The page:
The Contribution of Britain to the Defeat of Germany in the Second World War

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The Contribution of Britain to the Defeat of Germany in the Second World War The Phoney War, 1939-40 By the end of September, Germany and Russia had defeated Poland. Britain and France made no effort to attack Hitler. A British Expeditionary Force of four divisions - 158,000 men with 25,000 vehicles - left for France on 11 Sept, but it was too small and poorly equipped to challenge the Nazi army. And France's strategy was dominated by the Maginot line, a defensive

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330,000 men were trapped here and they were
sitting target for the Germans. Admiral Ramsey, based in Dover,
formulated Operation Dynamo to get off of the beaches as many men as
was possible. The Belgians surrendered on 28 May, but since 26 May,
The British did not tell the French, who only found out when some
French troops, who had tried to flee to Britain, complained to their
commander that they had not been allowed to get on the boats.

345,000 Allied troops were evacuated. When they heard about it, many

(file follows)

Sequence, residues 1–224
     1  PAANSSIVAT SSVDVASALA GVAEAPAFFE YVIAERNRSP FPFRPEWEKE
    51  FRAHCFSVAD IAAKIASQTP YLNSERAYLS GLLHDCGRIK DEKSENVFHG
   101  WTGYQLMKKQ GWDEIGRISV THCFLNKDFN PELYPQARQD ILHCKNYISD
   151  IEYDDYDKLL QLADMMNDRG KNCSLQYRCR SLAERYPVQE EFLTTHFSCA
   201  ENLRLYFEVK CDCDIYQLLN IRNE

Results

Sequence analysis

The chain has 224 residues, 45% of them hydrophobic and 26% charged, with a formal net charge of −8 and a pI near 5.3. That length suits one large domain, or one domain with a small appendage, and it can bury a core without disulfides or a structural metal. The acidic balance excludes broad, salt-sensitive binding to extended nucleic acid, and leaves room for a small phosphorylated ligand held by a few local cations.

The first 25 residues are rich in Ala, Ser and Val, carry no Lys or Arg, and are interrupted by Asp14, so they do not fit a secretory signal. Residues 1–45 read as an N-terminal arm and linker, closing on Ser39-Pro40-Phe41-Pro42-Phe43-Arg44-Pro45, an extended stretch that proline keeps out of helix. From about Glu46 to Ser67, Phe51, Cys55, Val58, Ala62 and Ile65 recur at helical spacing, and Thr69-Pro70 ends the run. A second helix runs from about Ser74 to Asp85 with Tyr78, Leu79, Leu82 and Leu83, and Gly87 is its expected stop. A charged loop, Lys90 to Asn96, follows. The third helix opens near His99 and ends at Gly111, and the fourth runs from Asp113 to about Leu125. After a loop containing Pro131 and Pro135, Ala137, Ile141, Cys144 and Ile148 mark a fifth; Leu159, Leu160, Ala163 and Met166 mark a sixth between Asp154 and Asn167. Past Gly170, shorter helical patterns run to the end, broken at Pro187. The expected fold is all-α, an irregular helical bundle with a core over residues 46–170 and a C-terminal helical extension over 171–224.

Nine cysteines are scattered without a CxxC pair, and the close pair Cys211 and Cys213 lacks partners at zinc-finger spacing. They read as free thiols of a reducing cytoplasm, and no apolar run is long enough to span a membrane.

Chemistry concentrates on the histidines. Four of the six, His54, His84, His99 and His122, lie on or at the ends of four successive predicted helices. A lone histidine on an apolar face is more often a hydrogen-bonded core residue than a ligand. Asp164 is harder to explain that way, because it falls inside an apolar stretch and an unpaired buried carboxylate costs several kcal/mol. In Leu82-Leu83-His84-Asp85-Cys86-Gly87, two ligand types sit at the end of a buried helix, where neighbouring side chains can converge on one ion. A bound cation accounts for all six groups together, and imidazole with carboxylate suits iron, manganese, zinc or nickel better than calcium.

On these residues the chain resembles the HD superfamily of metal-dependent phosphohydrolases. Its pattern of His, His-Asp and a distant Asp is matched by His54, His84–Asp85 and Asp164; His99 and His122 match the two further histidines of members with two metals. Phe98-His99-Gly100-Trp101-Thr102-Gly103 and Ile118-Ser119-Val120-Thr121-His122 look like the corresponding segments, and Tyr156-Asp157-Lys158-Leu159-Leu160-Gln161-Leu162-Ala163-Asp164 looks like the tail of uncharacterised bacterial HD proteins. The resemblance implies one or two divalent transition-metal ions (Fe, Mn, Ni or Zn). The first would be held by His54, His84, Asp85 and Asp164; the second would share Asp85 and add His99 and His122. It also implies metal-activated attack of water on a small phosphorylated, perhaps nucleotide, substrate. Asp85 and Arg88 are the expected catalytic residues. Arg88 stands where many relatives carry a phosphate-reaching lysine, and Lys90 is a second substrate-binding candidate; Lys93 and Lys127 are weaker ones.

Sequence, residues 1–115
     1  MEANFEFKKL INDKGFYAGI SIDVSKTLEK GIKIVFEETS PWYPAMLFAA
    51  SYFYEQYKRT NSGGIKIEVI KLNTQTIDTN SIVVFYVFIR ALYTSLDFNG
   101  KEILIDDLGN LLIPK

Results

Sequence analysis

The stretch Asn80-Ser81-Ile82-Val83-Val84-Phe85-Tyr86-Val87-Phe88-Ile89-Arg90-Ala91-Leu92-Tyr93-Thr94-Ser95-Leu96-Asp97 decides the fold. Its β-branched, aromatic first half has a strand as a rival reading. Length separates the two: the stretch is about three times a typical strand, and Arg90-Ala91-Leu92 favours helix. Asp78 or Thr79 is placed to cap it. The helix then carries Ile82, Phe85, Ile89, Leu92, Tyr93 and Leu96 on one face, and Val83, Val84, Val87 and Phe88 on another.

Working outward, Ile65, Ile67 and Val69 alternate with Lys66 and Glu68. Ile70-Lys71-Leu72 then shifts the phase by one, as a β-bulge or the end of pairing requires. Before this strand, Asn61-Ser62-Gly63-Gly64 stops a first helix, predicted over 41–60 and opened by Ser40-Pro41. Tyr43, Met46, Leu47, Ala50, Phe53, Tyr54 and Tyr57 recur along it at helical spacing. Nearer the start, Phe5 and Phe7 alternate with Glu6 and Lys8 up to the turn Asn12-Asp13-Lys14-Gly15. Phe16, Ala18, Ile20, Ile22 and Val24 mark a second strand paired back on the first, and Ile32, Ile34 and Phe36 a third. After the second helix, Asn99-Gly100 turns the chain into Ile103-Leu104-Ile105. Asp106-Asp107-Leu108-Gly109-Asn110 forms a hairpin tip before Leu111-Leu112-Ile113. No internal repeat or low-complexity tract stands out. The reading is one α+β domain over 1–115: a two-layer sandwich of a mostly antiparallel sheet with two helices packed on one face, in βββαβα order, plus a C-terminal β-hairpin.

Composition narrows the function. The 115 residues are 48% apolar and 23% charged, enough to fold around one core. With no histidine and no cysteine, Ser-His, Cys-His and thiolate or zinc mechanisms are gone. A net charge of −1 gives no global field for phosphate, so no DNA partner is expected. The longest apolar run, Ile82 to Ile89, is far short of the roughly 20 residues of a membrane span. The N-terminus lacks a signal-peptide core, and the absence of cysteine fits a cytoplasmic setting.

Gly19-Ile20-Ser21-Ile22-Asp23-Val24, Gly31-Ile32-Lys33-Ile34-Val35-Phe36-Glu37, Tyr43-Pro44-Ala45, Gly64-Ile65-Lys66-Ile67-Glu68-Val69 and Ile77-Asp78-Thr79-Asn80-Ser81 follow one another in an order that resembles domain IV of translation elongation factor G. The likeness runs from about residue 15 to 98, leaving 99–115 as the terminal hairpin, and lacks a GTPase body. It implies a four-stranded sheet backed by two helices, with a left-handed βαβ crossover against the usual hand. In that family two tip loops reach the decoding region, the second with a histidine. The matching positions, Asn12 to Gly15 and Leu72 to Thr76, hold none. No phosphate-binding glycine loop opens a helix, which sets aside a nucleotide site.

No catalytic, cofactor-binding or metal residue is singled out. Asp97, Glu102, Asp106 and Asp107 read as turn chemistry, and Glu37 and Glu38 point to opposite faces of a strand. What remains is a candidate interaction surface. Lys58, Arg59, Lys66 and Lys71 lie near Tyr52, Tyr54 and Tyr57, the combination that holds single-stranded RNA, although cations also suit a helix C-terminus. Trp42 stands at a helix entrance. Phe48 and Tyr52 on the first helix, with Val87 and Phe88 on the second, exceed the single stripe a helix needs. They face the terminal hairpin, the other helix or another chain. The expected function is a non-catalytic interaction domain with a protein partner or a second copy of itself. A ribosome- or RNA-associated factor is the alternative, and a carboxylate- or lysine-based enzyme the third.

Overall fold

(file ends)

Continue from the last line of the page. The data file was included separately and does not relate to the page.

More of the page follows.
private individuals sailed their yachts and paddleboats to Dunkirk to
'do their bit'. In Britain, Churchill described the withdrawal as 'a
miracle of deliverance'. He even claimed 'there was a victory in that
deliverance'. In the newspaper and newsreels, the evacuation was shown
as a successful, heroic adventure

Battle of Britain

The Battle of Britain took place between August and September 1940.
After the success of Blitzkrieg, the evacuation of Dunkirk and the
surrender of France, Britain was by herself. Hitler planned to invade
Britain. The Germans needed to control the English Channel to launch
her invasion of Britain which the Germans code-named Operation Sea

At the start of the war, Germany had 4,000 aircraft compared to
Britain's front-line strength of 1,660. By the time of the fall of
France, the Luftwaffe this was the German air
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